President Obama meets with National Security staff in the Oval Office. President Obama will name Avril Haines (second on the right), a White House legal adviser, as deputy director of the CIA. (Reuters/Pete Souza/The White House)
There comes a point in most women’s lives when you realize that you’re perceived as public property. Maybe it’s the first time you’re catcalled, or maybe it’s when a teacher tells you to cover up. The experience can come in an infinite number of iterations; the only sure thing is that the first time is never the last time. Walking around in a female body means you are constantly reminded that your value exists in the way that other people—men, especially—look at you.
Stranger still, this being noticed or touched or commented upon is framed as a compliment—it’s not enough that women are meant to endure the neverending objectification, we’re actually supposed to enjoy it. Women are taught to be eager to please not just in our demeanor but in our appearance, and everyday harassment is presented as friendly conversation: “Why don’t you smile?!”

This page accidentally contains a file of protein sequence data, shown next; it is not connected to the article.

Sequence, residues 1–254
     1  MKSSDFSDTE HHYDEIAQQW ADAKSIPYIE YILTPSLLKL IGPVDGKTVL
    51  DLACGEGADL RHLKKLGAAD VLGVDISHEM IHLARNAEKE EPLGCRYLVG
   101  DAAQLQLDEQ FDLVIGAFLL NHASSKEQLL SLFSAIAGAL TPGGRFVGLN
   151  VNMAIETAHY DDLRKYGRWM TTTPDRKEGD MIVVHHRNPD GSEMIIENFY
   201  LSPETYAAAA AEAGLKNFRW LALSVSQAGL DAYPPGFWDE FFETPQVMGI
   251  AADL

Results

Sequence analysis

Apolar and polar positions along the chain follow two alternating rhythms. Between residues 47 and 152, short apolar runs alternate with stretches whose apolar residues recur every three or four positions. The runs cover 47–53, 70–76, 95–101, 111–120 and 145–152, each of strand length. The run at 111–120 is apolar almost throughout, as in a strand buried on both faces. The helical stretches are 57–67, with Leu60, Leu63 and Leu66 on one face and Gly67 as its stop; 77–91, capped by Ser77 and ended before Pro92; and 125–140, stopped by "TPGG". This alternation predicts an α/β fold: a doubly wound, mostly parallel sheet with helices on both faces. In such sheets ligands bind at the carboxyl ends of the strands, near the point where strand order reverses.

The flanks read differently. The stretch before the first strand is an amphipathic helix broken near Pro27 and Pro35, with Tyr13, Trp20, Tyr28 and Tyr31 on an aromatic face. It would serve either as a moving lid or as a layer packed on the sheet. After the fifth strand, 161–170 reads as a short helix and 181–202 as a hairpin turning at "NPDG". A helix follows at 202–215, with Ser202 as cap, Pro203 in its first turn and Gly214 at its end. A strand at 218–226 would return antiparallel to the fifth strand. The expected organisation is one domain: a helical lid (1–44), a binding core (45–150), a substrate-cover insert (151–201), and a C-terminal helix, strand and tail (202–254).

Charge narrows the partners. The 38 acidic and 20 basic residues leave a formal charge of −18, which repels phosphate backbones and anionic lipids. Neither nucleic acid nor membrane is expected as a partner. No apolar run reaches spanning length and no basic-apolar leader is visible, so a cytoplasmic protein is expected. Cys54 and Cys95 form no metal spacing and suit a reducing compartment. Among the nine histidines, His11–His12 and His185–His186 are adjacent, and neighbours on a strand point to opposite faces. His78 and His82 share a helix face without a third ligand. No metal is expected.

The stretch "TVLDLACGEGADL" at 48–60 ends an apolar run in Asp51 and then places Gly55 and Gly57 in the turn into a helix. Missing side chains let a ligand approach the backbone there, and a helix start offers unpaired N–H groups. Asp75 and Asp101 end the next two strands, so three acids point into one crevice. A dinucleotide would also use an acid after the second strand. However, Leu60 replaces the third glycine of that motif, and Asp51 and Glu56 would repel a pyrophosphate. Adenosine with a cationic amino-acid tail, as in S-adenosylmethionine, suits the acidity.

Recently it occured to me that the expectation that women enjoy male attention in all forms may be behind the many unfortunate media profiles of influential women. Whether a rocket scientist’s beef stroganoff or a White House counsel’s high heels—when it comes to covering successful women, the media prefers palatable over powerful. Articles like these are not always written by men, but they always seem to be written for them.
The most recent—and perhaps one of the most egregious—example comes from the Daily Beast, where the site’s first piece on President Obama’s pick for CIA deputy director Avril Danica Haines is headlined: “New CIA #2 Pick Used to Read Anne Rice Aloud at Her Bookstore’s Erotica Night.”
The article’s premise alone is sexist—would the racy reading habits of a male appointee ever be fodder?—but the content is even worse. A neighbor is interviewed about Haines, “reminiscing about when when she would rehab her apartment in ‘jeans or a pair of shorts’” and reporters Ben Jacobs and Avi Zenilman inexplicably include an explicit Anne Rice excerpt that Haines may have read. They paint a picture that rivals Penthouse Forum:
[The event] at the bookstore featured a room lit with red candles where guests held chicken tostadas, waiting to eat as Haines read aloud the opening pages of The Claiming of Sleeping Beauty, by Anne Rice writing under the pseudonym A.N. Roquelaire, which features passages such as: